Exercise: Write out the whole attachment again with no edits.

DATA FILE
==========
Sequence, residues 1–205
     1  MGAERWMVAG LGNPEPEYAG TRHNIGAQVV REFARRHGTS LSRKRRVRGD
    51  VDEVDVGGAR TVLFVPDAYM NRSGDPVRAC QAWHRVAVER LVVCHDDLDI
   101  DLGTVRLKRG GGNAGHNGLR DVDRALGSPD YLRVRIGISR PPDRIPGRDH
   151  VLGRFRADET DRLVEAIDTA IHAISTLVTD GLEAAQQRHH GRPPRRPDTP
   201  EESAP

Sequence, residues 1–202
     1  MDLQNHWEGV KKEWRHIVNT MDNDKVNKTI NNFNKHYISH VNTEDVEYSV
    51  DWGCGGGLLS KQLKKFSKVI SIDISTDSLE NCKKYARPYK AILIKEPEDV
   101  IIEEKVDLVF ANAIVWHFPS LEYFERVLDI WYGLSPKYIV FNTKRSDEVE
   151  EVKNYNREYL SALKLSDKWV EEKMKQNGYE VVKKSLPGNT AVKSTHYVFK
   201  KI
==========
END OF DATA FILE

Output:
Sequence, residues 1–205
     1  MGAERWMVAG LGNPEPEYAG TRHNIGAQVV REFARRHGTS LSRKRRVRGD
    51  VDEVDVGGAR TVLFVPDAYM NRSGDPVRAC QAWHRVAVER LVVCHDDLDI
   101  DLGTVRLKRG GGNAGHNGLR DVDRALGSPD YLRVRIGISR PPDRIPGRDH
   151  VLGRFRADET DRLVEAIDTA IHAISTLVTD GLEAAQQRHH GRPPRRPDTP
   201  EESAP

Sequence, residues 1–202
     1  MDLQNHWEGV KKEWRHIVNT MDNDKVNKTI NNFNKHYISH VNTEDVEYSV
    51  DWGCGGGLLS KQLKKFSKVI SIDISTDSLE NCKKYARPYK AILIKEPEDV
   101  IIEEKVDLVF ANAIVWHFPS LEYFERVLDI WYGLSPKYIV FNTKRSDEVE
   151  EVKNYNREYL SALKLSDKWV EEKMKQNGYE VVKKSLPGNT AVKSTHYVFK
   201  KI